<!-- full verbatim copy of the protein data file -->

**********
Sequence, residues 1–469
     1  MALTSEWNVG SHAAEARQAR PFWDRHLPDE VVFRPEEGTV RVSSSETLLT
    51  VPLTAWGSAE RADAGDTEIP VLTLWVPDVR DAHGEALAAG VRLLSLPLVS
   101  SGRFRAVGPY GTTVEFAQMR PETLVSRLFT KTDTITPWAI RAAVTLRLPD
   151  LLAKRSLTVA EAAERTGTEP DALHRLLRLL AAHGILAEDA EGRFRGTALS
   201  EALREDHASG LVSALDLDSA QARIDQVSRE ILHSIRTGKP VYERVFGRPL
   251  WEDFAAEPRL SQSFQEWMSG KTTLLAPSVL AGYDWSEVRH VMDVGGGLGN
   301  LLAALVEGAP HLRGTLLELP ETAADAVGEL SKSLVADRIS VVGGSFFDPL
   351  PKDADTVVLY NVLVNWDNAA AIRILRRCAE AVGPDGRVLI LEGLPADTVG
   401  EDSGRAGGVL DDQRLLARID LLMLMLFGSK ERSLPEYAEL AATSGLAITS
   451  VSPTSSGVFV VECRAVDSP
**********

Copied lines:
Sequence, residues 1–469
     1  MALTSEWNVG SHAAEARQAR PFWDRHLPDE VVFRPEEGTV RVSSSETLLT
    51  VPLTAWGSAE RADAGDTEIP VLTLWVPDVR DAHGEALAAG VRLLSLPLVS
   101  SGRFRAVGPY GTTVEFAQMR PETLVSRLFT KTDTITPWAI RAAVTLRLPD
   151  LLAKRSLTVA EAAERTGTEP DALHRLLRLL AAHGILAEDA EGRFRGTALS
   201  EALREDHASG LVSALDLDSA QARIDQVSRE ILHSIRTGKP VYERVFGRPL
   251  WEDFAAEPRL SQSFQEWMSG KTTLLAPSVL AGYDWSEVRH VMDVGGGLGN
   301  LLAALVEGAP HLRGTLLELP ETAADAVGEL SKSLVADRIS VVGGSFFDPL
   351  PKDADTVVLY NVLVNWDNAA AIRILRRCAE AVGPDGRVLI LEGLPADTVG
   401  EDSGRAGGVL DDQRLLARID LLMLMLFGSK ERSLPEYAEL AATSGLAITS
   451  VSPTSSGVFV VECRAVDSP